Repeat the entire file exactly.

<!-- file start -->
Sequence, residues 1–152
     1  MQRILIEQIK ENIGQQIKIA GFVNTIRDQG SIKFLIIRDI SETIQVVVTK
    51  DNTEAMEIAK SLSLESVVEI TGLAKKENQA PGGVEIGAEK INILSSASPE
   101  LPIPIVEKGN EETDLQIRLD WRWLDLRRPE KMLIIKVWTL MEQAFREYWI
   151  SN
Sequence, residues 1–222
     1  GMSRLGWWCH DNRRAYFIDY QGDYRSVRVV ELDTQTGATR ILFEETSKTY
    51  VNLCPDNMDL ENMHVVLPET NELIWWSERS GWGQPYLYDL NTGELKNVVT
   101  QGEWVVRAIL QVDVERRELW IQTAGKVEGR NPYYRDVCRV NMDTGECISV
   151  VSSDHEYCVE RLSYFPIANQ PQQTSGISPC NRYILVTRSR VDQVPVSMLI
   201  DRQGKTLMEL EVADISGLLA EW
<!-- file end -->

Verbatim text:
Sequence, residues 1–152
     1  MQRILIEQIK ENIGQQIKIA GFVNTIRDQG SIKFLIIRDI SETIQVVVTK
    51  DNTEAMEIAK SLSLESVVEI TGLAKKENQA PGGVEIGAEK INILSSASPE
   101  LPIPIVEKGN EETDLQIRLD WRWLDLRRPE KMLIIKVWTL MEQAFREYWI
   151  SN
Sequence, residues 1–222
     1  GMSRLGWWCH DNRRAYFIDY QGDYRSVRVV ELDTQTGATR ILFEETSKTY
    51  VNLCPDNMDL ENMHVVLPET NELIWWSERS GWGQPYLYDL NTGELKNVVT
   101  QGEWVVRAIL QVDVERRELW IQTAGKVEGR NPYYRDVCRV NMDTGECISV
   151  VSSDHEYCVE RLSYFPIANQ PQQTSGISPC NRYILVTRSR VDQVPVSMLI
   201  DRQGKTLMEL EVADISGLLA EW